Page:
This day six years ago the biggest enigma of Indian Cricket called time on his career. When talking about Sachin Tendulkar in Tests, we generally discuss his career as a whole, his success in England and Australia or select years before 2005, maybe 2007. But the relatively newer generation, including me are a lot more familiar with his last five seasons. Of course, it’s not possible to mention a lot of things when someone’s played consistently over such a long period. That’s why we take a look at his career in the last half a decade.
Doing It All
The period 2008-2013 can be considered as the most prolific in terms of matches for Sachin Tendulkar. It goes without saying that he was a regular in Tests and ODIs for India, but this is also the exact duration of his IPL career. This also included matches in the now dissolved Champions League. We are only concentrating on Tests here, but we use these tournaments to make the point about the magnitude of what he did in the purest format.
Firstly, Sachin was a 36-year old playing at the highest level for 19 years by 2008. Secondly, he played 78 IPL matches & more than 90 T20s from then till 2013. Not to forget, he also faced the pressure of reaching quite a few milestones. Despite all this, he still managed to average 51.17 during the final phase in Test cricket. Let that sink in!
The glory run of 2010
When you try to think about exceptional years of batting from Sachin Tendulkar, you may go straight to 1998, when he dominated Warne and averaged 80, striking at 75%. You may think about the Bradmanesque 2004 exploits, where he scored 915 runs in 15 innings at 91.5 including his highest Test score of 248 not out. But for me, someone following him since 2008, the season of 2010 was the best of the Master Blaster. This can also include the match in South Africa in January 2011 but for numbers sake let’s keep it to 2010.
He scored an astonishing 1562 runs in 23 innings at an impeccable average of 78.10. Getting fourteen 50+ scores including seven 100s and two double hundreds, he was rampant. Sachin was filled with intent in this season, running like a 25 year-old and skipping down the track to the spinners. For me it was the highest order of pleasure. Of course after such an incredible haul there was always the probability of a slump.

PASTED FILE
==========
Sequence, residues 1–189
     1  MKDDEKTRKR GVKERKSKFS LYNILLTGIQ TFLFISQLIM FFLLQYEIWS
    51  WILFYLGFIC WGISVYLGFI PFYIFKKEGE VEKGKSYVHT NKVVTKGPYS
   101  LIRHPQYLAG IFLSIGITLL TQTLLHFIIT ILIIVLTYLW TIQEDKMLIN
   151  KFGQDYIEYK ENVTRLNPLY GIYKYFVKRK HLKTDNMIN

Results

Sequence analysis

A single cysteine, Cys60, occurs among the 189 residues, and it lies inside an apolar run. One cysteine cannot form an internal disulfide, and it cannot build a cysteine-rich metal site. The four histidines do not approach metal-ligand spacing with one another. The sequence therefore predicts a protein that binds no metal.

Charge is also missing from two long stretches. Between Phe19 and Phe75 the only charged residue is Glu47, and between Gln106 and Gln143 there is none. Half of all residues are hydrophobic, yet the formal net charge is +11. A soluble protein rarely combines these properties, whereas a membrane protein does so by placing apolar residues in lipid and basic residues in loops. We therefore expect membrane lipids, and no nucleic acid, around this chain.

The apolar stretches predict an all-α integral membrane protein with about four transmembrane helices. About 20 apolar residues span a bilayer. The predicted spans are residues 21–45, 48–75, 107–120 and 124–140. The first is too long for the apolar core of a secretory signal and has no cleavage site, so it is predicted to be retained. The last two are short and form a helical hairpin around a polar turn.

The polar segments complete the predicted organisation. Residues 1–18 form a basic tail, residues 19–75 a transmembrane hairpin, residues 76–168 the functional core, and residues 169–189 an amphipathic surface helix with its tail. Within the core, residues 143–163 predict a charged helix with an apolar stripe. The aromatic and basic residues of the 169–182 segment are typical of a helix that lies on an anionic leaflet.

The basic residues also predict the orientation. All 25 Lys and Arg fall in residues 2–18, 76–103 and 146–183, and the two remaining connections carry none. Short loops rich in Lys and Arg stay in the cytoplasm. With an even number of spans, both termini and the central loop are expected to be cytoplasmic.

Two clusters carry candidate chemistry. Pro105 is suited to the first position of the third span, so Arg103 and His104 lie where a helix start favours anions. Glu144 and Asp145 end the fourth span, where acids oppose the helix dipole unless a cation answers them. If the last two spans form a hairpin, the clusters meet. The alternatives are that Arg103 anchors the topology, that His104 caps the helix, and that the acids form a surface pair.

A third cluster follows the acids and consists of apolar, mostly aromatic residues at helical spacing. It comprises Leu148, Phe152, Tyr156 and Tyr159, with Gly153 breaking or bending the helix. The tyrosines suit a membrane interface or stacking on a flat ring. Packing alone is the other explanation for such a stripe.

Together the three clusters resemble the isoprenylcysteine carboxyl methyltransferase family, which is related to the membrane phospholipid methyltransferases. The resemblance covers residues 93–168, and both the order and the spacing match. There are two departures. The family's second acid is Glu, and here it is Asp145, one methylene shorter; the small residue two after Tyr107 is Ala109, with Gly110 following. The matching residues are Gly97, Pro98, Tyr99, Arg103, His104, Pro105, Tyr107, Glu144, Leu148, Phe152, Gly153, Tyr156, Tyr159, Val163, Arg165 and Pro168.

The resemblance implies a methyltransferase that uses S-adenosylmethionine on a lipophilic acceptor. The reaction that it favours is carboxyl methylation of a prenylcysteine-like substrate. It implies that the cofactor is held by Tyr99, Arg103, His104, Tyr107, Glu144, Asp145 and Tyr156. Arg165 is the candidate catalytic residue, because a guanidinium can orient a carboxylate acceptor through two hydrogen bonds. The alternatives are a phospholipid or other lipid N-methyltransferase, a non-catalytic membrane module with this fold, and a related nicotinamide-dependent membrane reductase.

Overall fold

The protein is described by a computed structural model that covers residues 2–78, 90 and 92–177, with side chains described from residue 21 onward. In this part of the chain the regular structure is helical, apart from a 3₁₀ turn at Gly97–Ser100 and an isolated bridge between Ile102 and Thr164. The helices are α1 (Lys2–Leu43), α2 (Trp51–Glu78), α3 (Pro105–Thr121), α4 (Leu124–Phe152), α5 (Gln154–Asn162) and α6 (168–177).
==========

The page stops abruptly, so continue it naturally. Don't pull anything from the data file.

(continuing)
The lean and mean patch
The historic year of 2011 in One Day cricket for India didn’t quite translate into Tests. The big losses in England and the next year in Australia quickly brought the fans to the ground. But this wasn’t a bad year for Sachin’s batting, as he managed to average around 47. The only concerning fact was that he got six 50-plus scores but went on to get a century only once. But the next two years, 2012 & 2013, were nothing short of disappointing, rather surprising.
He scored 633 runs in 24 innings at a meager average of 27.52. The pressure of milestones from the fans was something that really was a big obstacle for him. Even for somebody who lived (still lives) under the stress of being an icon, a God in India, this was a lot to take. The final two Tests against the Aussies was the starting point of the slump. Whatever it maybe though, he did conjure up a lot of memorable innings in the 2008-2013 phase of his career.
Few mesmerizing innings run across my eyes instantly when thinking about this phase. One that everybody cherishes would definitely be the Chennai win against England in the winter of 2008. As much as it’s remembered for Sehwag’s onslaught and Yuvraj’s calm finishing, it will hold a special place for Sachin’s winning boundary which got him to a century as well. The record breaking chase of 387 came as a soothing balm for the country shell shocked by the Mumbai terror attacks.
His double hundred which paved way for an Indian win in the Border Gavaskar 2010 series was another such innings. Australia had scored 478 batting first and India was in trouble at 38/2 when he walked in. The highest international run-getter went on to stabilise the innings and piled on runs with Murali Vijay. Once the latter got out Sachin Tendulkar turned it on, smashing the Aussies to all parts, especially debutant Peter George. India scored 495 runs, taking a 17 run lead with the master scoring 43.23% of the runs.
A couple of other innings came in New Zealand and South Africa. The former came in 2009, contributing to India’s Test series win in the country. Tendulkar’s 160 helped India to 520 in response to NZ’s 279 and it was enough for them to win by 10 wickets. They went on to win the 3-match series 1-0 with the next two matches ending in draws. The knock in South Africa helped India reduce the margin of the series defeat. Already 1-0 down India were in a spot of bother at 28-2 but his 146 helped them avoid a deficit chasing SA’s 362. Although the Proteas scored 341 second time around, India managed to bat the remaining overs out.
There were many other crucial contributions to the team for sure, but one beautiful knock for him and the fans has to take the cake. The final innings of Sachin Tendulkar’s career was one of the most sparkling, magical knocks for us to experience. The 74 run show he put on, so free flowing despite the overflowing emotions, will be one I will remember for eternity. It was only fair that an absolute blinder of a catch saw him walk back.